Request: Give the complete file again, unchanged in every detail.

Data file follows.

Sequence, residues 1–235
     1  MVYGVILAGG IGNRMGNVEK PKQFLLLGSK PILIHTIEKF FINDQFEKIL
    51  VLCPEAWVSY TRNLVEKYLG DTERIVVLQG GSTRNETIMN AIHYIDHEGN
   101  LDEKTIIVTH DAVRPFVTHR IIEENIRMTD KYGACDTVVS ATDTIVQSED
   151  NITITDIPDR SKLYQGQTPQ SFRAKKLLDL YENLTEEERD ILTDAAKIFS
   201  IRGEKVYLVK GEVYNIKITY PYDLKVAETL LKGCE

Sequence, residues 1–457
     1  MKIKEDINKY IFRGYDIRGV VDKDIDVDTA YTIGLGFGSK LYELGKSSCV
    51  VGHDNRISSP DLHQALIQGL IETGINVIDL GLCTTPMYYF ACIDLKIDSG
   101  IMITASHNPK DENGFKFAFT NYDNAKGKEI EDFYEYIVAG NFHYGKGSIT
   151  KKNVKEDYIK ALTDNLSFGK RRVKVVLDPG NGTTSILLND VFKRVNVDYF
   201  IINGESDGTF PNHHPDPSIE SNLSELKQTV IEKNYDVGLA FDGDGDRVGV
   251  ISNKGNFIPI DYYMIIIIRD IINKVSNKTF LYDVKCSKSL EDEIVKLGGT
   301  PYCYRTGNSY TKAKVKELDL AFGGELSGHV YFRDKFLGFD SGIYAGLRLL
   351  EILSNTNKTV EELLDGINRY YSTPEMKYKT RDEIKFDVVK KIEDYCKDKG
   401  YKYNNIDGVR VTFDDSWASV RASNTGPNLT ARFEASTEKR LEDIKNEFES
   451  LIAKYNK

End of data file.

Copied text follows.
Sequence, residues 1–235
     1  MVYGVILAGG IGNRMGNVEK PKQFLLLGSK PILIHTIEKF FINDQFEKIL
    51  VLCPEAWVSY TRNLVEKYLG DTERIVVLQG GSTRNETIMN AIHYIDHEGN
   101  LDEKTIIVTH DAVRPFVTHR IIEENIRMTD KYGACDTVVS ATDTIVQSED
   151  NITITDIPDR SKLYQGQTPQ SFRAKKLLDL YENLTEEERD ILTDAAKIFS
   201  IRGEKVYLVK GEVYNIKITY PYDLKVAETL LKGCE

Sequence, residues 1–457
     1  MKIKEDINKY IFRGYDIRGV VDKDIDVDTA YTIGLGFGSK LYELGKSSCV
    51  VGHDNRISSP DLHQALIQGL IETGINVIDL GLCTTPMYYF ACIDLKIDSG
   101  IMITASHNPK DENGFKFAFT NYDNAKGKEI EDFYEYIVAG NFHYGKGSIT
   151  KKNVKEDYIK ALTDNLSFGK RRVKVVLDPG NGTTSILLND VFKRVNVDYF
   201  IINGESDGTF PNHHPDPSIE SNLSELKQTV IEKNYDVGLA FDGDGDRVGV
   251  ISNKGNFIPI DYYMIIIIRD IINKVSNKTF LYDVKCSKSL EDEIVKLGGT
   301  PYCYRTGNSY TKAKVKELDL AFGGELSGHV YFRDKFLGFD SGIYAGLRLL
   351  EILSNTNKTV EELLDGINRY YSTPEMKYKT RDEIKFDVVK KIEDYCKDKG
   401  YKYNNIDGVR VTFDDSWASV RASNTGPNLT ARFEASTEKR LEDIKNEFES
   451  LIAKYNK